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cyber bullies

Cyberbullies and online harassers hide facelessly behind an electronic façade from where they do their dirty work.

Last week The Legal Advice Office got the following query on this subject:

 “About three weeks ago a man started sending me inappropriate e-mails and posting lewd and suggestive comments and messages on my Facebook and Google plus pages. I’ve tried blocking the person and telling him to stop, but he keeps changing his email address and user profile and keeps coming back. I am at my wit's end and don’t even want to look at my phone or computer anymore. Is there anything I can do?”

Social media harassment has been on the rise with victims suffering at the hands of unknown harassers hiding facelessly behind an electronic façade from where they do their dirty work; often changing their online persona as and when necessary to continue harassing their victims and evade identification. Given that the harasser is unidentifiable, victims are unsure as to what they can do to stop the offending action. 

The good news is that victims are not without recourse. In 2013 the Protection from Harassment Act (“PHA”) came into operation. The PHA seeks to assist victims of harassment from known and unknown harassers. 

The PHA definition of harassment is very wide and includes amongst other things, “ directly or indirectly engaging in conduct that causes harm or inspires the reasonable belief that harm may be caused to the victim or a related person through engaging in verbal, electronic or any other communication, irrespective of whether or not a conversation ensues; the sending, delivering or causing the delivery of letters, telegrams, packages, facsimiles, electronic mail or other objects to the victim or a related person; or conduct which amounts to sexual harassment.”

This definition will thus include the cyberbullying and online harassment as described by our above client.

The PHA provides for the issuing of a protection order and the enforcement thereof by our Magistrates Courts in what is a relatively informal and cost-effective process to follow and which can be launched by any person by completing the prescribed forms with the Clerk of the Magistrates Court. The matter will then be placed before a Magistrate who can issue a protection order against a perpetrator involved in the harassment.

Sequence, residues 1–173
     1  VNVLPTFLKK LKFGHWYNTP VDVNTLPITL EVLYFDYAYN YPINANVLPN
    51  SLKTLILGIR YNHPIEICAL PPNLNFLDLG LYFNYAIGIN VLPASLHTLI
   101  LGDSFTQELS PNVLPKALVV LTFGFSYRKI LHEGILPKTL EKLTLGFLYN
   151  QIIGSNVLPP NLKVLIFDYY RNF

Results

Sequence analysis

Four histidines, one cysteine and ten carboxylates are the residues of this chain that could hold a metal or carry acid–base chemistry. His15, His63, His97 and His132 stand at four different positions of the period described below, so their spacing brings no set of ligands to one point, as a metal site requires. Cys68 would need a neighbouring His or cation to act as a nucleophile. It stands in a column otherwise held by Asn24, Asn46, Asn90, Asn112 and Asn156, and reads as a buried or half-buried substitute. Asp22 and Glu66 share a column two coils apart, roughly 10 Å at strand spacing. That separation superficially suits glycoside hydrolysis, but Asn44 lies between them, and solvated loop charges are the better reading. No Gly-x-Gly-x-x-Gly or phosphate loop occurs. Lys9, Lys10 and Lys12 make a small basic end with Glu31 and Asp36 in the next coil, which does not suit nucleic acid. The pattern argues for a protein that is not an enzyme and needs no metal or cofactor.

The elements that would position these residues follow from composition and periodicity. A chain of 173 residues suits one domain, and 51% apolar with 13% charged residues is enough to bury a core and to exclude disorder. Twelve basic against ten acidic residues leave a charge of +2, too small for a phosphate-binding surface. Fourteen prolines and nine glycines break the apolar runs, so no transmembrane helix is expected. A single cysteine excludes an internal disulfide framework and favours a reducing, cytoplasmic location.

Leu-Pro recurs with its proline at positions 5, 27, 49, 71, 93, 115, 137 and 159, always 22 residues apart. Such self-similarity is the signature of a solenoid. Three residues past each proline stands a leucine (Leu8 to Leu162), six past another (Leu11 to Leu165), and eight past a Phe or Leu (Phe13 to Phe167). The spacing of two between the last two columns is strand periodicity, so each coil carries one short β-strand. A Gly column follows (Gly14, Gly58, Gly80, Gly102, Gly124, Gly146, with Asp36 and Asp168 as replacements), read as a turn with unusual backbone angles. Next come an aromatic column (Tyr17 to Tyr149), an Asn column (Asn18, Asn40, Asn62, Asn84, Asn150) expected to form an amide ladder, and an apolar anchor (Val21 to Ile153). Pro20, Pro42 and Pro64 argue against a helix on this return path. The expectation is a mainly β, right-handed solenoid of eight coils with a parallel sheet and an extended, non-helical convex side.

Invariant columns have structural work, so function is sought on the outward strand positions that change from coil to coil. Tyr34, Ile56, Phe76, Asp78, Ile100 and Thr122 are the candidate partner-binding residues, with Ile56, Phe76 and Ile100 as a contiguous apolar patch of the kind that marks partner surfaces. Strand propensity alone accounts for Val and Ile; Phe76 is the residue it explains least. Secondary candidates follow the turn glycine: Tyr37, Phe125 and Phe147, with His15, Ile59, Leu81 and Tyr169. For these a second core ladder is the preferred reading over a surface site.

Where the perpetrator is unknown and is using social media and electronic platforms to conduct the harassment from, the PHA empowers the Magistrates Court to issue a directive to electronic communication service providers to provide the full details as per their records of the perpetrator using the accounts or email address through which the harassing action is being conducted. The PHA also empowers the Court to order the SAPS to conduct an investigation into the harassment in order to identify the perpetrator. The PHA further requires the electronic communication service providers and SAPS to report to the Court after having been ordered to provide the information and/or conduct the investigation.

Besides identifying the details of an account holder, it is as yet not clear what the obligations of a social media service provider are to protect a victim from harassment via their site and whether they can incur liability. This aspect has not been formally served before our Courts, but international case law relating to defamation, cyberbullying and harassment could perhaps give guidance here and would I believe guide a court. 

In countries such as the USA and the United Kingdom, the service providers who provide a platform for defamatory statements to be published, and they do not remove them, after being informed that the nature of the statements are defamatory and/or untrue, and/or amount to harassment have been held liable.

In the instance of our above client, we advised her to consider obtaining further legal advice and legal services in respect of the possibility of enforcing her rights in terms of the PHA. We advised her to consider informing the social media service provider involved of the harassing action with a request that they take steps against the relevant account holder and to remove the harassing comments. For many of these service providers, their good name and reputation will ensure that they take improper conduct via their platforms seriously and also take steps to curb such conduct.

  Please visit our website at or send us an email to This email address is being protected from spambots. You need JavaScript enabled to view it. and we will respond to your legal queries within 48 hours.

About our author:

Hugh Pollard (Legal Consultant), has a BA LLB and 42 years’ experience in the legal field. 22 years as a practicing attorney and conveyancer; and 20 years as a Legal Consultant.

082-0932304 (Hugh’s Cell Number)

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Legal Advice Office

South Africa

Kandelaar Street, Vermont, Hermanus
Phone: +27 (0) 82 093 2304